On the technology front, we now have auto-pointing antennas with multi-orbit/multi-band and multi-network architectures contribute to improved processes, better tools and more powerful user terminals.
To ensure that quality is maintained, one of our members, QuadSat, has innovated a way to use drones to make sure antennas are operating at optimal capacity by performing live measurements on site. Enabling a cruise ship’s antenna system parameters to be checked, in harbor or at sea, makes it easy for a satellite engineer to view and troubleshoot problems and get that system back on air as soon as possible.
Cloud technology is also helping modernize the system, making it much easier to deliver services to customers. This includes using cloud technology both on board the cruise ship and integrating both satellite and terrestrial technologies to connect to other cloud sources.
Product quality has a massive impact on connectivity. If you are using poor-quality products, your connection will suffer. Cruise operators are constantly encourages to make sure the products in use are up to the task, something that can checked against industry standards, such as the Type Approval system provided by the Global VSAT Forum.
The British satellite telecommunications company Inmarsat is well known as one of the largest satellite operators for maritime customers. One thing the company does extremely well is ensure product quality and service connection throughout its network. This insistence that all customers can only use equipment that stands up to its own very stringent tests means that errors are greatly reduced.
Will LEO be the cure?
While most satellites in use currently have a mid-range orbit, a promised influx of low Earth orbit (LEO) satellites may seem like a quick cure for connectivity woes. But LEO has some potential downsides. Having a huge number of low earth orbit satellites added to the skies could potentially cause increased problems if not handled well.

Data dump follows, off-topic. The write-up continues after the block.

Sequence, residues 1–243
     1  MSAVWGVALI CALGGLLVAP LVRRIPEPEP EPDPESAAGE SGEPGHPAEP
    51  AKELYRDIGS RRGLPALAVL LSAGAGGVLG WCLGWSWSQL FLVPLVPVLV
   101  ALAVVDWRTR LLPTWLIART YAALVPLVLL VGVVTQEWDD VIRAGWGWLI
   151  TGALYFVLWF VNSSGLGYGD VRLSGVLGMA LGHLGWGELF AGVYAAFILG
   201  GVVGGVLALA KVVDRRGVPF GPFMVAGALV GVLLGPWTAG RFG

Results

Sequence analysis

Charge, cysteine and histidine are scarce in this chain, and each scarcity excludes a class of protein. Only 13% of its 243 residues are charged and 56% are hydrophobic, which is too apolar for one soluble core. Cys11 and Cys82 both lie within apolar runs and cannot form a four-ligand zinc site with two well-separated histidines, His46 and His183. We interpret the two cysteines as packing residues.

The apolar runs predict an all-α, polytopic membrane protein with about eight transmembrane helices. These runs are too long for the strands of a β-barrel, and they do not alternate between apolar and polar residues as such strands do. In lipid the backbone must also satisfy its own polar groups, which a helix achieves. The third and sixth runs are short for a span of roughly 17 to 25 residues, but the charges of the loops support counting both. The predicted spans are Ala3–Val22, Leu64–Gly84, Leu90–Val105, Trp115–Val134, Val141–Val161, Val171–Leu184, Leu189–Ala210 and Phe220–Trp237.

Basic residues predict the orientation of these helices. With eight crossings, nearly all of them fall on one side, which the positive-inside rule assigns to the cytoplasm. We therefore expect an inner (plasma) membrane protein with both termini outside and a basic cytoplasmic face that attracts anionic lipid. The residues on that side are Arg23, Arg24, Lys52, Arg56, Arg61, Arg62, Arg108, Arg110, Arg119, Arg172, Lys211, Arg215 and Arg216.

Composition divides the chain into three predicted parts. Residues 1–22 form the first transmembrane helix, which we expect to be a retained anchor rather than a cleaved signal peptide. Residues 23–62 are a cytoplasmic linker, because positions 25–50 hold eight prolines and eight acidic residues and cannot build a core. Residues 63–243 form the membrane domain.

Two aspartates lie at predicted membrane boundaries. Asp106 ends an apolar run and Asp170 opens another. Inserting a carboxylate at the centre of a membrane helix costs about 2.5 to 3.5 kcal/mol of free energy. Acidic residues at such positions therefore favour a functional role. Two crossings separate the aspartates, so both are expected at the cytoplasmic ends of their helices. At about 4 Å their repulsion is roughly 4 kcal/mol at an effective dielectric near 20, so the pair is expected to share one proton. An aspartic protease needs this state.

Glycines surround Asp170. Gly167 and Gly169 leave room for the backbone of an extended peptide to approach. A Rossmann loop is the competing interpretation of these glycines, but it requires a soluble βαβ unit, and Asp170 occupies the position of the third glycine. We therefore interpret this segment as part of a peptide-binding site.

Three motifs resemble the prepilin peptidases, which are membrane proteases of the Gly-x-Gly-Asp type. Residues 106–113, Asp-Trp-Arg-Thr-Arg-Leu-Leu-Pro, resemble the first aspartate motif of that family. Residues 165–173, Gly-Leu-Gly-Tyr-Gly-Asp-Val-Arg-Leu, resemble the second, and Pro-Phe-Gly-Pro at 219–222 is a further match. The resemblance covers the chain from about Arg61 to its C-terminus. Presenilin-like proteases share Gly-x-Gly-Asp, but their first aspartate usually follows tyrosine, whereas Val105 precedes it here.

Handled properly, LEO satellites offer the potential for the cruise industry to achieve both better coverage and low-latency connections. However, cruise operators shouldn’t be waiting for LEO to get decent service — that should already be achievable today.
What is missing?
For a cruise ship to really take the advantage of all these great technology innovations, the addition of artificial intelligence systems is a must. This would allow cruise operators to “preload” content at port onto the onboard cloud by accurately knowing what their passenger requirements would be in advance of the cruise. The same technology could then be applied to managing the services on board by allowing seamless connections between GEO (geostationary equatorial orbit), MEO and LEO to optimize throughput, speed, coverage and latency.
Networks now and, certainly in the future, will be complex. AI techniques are probably going to be the technology that can manage this to deliver what the cruise industry needs and what cruise passengers are already demanding.
Travelers want to stay connected. Decision-makers in the communication industry must embrace the challenge at every level to ensure that 27 million cruise passengers each year can remain connected to the digital world during their travels.